Costco (NASDAQ:COST) went public on Dec. 5, 1985, at a price of $10 per share ($1.67 adjusted for stock splits), and closed trading on Nov. 3 at a price of $371.96.

That is an impressive gain by any measure. Over the nearly 35-year time frame, Costco stock returned a compound annual growth rate (CAGR) of approximately 16.7%, excluding dividends. Over that same stretch, the S&P 500 generated annual returns of only about 8.3%. 

A $1,000 investment in Costco's IPO would be worth almost $223,000 today. Let's see how Costco was able to produce such eye-popping returns. 

Membership warehouses 

Costco is the leader in the warehouse retailing space, with 800 total locations as of Aug. 30 primarily in the United States, Canada, Mexico, United Kingdom, and Japan. The company's focus on selling high-quality merchandise at the lowest prices possible has attracted a loyal customer base.

woman shopping in a warehouse

Image source: Getty Images.

CEO Craig Jelinek highlights this strategy: "Costco is able to offer lower prices and better values by eliminating virtually all the frills and costs historically associated with conventional wholesalers and retailers, including salespeople, fancy buildings, delivery, billing, and accounts receivable. We run a tight operation with extremely low overhead which enables us to pass dramatic savings to our members." 

Net sales in the most recent fiscal year totaled $163.2 billion, making Costco one of the largest companies in the world. Achieving this kind of scale ultimately benefits shoppers as Costco's size will continue allowing it to buy inventory at favorable costs. This is what got the business to where it is today, and it is a virtuous cycle that is difficult to stop.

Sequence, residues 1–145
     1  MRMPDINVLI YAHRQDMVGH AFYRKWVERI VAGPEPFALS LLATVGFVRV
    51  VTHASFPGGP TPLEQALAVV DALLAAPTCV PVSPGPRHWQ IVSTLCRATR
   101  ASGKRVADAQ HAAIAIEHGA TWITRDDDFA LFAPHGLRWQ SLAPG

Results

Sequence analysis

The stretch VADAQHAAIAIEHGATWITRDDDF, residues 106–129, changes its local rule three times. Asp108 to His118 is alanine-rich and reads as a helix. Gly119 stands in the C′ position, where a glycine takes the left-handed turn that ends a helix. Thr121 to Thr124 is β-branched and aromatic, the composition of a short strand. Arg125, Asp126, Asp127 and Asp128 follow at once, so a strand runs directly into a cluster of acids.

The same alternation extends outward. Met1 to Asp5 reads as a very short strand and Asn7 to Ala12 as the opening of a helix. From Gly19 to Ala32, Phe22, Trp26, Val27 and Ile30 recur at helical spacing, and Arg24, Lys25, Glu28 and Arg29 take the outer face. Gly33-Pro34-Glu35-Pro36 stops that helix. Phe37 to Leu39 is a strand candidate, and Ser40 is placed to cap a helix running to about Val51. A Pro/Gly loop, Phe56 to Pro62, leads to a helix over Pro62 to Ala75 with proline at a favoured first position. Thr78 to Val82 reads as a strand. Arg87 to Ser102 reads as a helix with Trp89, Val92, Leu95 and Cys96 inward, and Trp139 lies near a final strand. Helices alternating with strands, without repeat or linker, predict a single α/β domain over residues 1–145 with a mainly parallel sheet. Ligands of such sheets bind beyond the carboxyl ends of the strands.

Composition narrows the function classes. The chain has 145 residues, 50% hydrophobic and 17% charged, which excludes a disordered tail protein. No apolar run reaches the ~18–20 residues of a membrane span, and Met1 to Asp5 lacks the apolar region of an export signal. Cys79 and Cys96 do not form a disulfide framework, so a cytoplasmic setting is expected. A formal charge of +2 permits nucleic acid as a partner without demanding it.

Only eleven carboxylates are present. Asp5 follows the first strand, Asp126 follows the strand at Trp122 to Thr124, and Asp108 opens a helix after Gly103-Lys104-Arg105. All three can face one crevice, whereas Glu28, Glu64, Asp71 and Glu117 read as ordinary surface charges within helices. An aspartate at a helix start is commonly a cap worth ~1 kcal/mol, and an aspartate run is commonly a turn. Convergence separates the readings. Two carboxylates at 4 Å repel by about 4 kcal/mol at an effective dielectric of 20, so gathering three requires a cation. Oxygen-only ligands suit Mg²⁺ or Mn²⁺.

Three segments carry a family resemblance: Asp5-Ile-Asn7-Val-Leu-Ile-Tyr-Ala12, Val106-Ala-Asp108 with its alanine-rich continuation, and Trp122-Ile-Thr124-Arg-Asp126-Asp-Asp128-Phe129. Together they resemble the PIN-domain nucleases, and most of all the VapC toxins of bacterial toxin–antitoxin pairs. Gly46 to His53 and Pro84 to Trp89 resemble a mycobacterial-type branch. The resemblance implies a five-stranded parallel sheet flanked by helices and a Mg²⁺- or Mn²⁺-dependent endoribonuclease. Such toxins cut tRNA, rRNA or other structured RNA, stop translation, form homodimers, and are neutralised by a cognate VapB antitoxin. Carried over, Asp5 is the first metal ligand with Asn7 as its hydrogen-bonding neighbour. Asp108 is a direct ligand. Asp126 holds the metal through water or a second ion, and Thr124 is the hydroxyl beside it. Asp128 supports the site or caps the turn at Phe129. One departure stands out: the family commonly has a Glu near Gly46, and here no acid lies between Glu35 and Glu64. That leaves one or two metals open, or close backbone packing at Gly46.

Costco counts 58.1 million households as having memberships, which is the primary source of profit for the company. Since its overarching goal is to lower prices for customers, Costco earns next to nothing on merchandise sales and instead makes most of its profits from membership fees. Having a membership model drives loyalty and gives Costco the opportunity to keep delighting its customers, something that has served the company well historically. 

What a year it has been 

Even with what has been a turbulent 2020, the stock is up roughly 29% this year alone. The onset of the coronavirus pandemic has highlighted the essential nature of Costco's business. The market recognizes this, rewarding the stock with a price-to-earnings multiple of 42 compared to the Nasdaq's P/E ratio of 24. Quality businesses warrant a higher multiple than the overall stock market. 

Investors were probably wondering where a company Costco's size might find growth going forward -- then, 2020 happened. This year has accelerated an already existing shift to e-commerce, and Costco has been a huge beneficiary. In the most recent quarter, which ended Aug. 30, online sales soared 90.6% from the year-ago period. 

While it's difficult to say how long this hyper-growth can last in a post-pandemic world, Costco is well-positioned to take advantage of consumers' increasing appetite to transact when and where they want. 

A learning experience 

Costco's stock price appreciation since its IPO in 1985 would have made investors rich if they had the foresight to predict what the business could become and hold on during the ups and downs, both probably unlikely. 

But I think there is an important lesson we can learn here: owning high-quality businesses over the long term and letting them ride through the inevitable volatility can lead to market outperformance. Costco may not provide outsized returns over the next 35 years, but investors can still apply this framework when searching for the next big winner.

This article represents the opinion of the writer, who may disagree with the “official” recommendation position of a Motley Fool premium advisory service. We’re motley! Questioning an investing thesis -- even one of our own -- helps us all think critically about investing and make decisions that help us become smarter, happier, and richer.